Cases reported "Pregnancy Complications"

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11/26. Fetal outcome following intrauterine amantadine exposure.

    amantadine hydrochloride is a well-known antiviral agent that has been used for the prevention of influenza A2, the treatment of parkinson disease, and, more recently, multiple sclerosis. However, very few data exist about its use in pregnant women. We report a 34-year-old woman who had used amantadine to prevent relapse of her multiple sclerosis throughout two of her pregnancies who subsequently delivered two normal infants. We review the available animal data and two other human pregnancy exposure reports.
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keywords = animal
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12/26. Cardiovascular anomalies associated with prenatal exposure to theophylline.

    theophylline has been shown to be a potent cardiovascular teratogen in animals, but there has been no evidence linking theophylline with congenital anomalies in infants. The cardiovascular anomalies in our three patients were aortic anomalies, double-outlet right ventricle, transposition of the great arteries, total anomalous pulmonary venous connection, and hypoplasia of the left ventricle. Some of these rare defects were also induced frequently in animal experiments with theophylline, which suggests that this drug can be a cardiovascular teratogen in a susceptible human fetus.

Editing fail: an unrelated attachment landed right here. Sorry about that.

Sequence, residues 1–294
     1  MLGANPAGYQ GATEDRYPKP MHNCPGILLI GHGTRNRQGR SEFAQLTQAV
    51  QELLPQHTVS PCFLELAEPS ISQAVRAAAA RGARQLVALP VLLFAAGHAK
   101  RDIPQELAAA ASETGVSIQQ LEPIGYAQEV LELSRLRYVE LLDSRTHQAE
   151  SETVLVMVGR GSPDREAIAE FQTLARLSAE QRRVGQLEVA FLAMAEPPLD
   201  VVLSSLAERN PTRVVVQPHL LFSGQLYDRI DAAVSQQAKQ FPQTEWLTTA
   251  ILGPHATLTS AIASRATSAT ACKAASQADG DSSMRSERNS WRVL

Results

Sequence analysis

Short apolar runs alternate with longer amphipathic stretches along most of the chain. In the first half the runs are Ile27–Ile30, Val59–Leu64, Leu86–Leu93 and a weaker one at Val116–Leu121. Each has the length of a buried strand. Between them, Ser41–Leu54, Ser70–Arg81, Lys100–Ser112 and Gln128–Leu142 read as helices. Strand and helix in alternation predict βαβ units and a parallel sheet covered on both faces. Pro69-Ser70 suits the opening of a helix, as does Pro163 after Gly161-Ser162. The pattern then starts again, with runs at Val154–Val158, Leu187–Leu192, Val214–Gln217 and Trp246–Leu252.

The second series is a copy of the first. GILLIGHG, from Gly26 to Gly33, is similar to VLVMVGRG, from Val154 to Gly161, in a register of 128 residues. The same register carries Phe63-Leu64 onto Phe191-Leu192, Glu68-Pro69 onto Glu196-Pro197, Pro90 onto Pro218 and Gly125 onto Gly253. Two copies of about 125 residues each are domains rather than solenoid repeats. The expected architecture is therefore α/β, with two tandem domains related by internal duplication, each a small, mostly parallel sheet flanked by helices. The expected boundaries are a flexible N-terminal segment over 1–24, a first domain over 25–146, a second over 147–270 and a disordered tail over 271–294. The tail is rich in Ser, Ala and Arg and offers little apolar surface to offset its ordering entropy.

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ranking = 2
keywords = animal
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13/26. Should hyperbaric oxygen be used to treat the pregnant patient for acute carbon monoxide poisoning? A case report and literature review.

    Carbon monoxide (CO) is the leading cause of death due to poisoning. Although uncommon, CO poisoning does occur during pregnancy and can result in fetal mortality and neurological malformations in fetuses who survive to term. uncertainty arises regarding the use of hyperbaric oxygen (HBO) as a treatment for the pregnant patient because of possible adverse effects on the fetus that could be induced by oxygen at high partial pressures. While the dangers of hyperoxia to the fetus have been demonstrated in animal models, careful review of animal studies and human clinical experience indicates that the short duration of hyperoxic exposure attained during HBO therapy for CO poisoning can be tolerated by the fetus in all stages of pregnancy and reduces the risk of death or deformity to the mother and fetus. A case is presented of acute CO poisoning during pregnancy that was successfully treated with HBO. Recommendations are suggested for the use of HBO during pregnancy.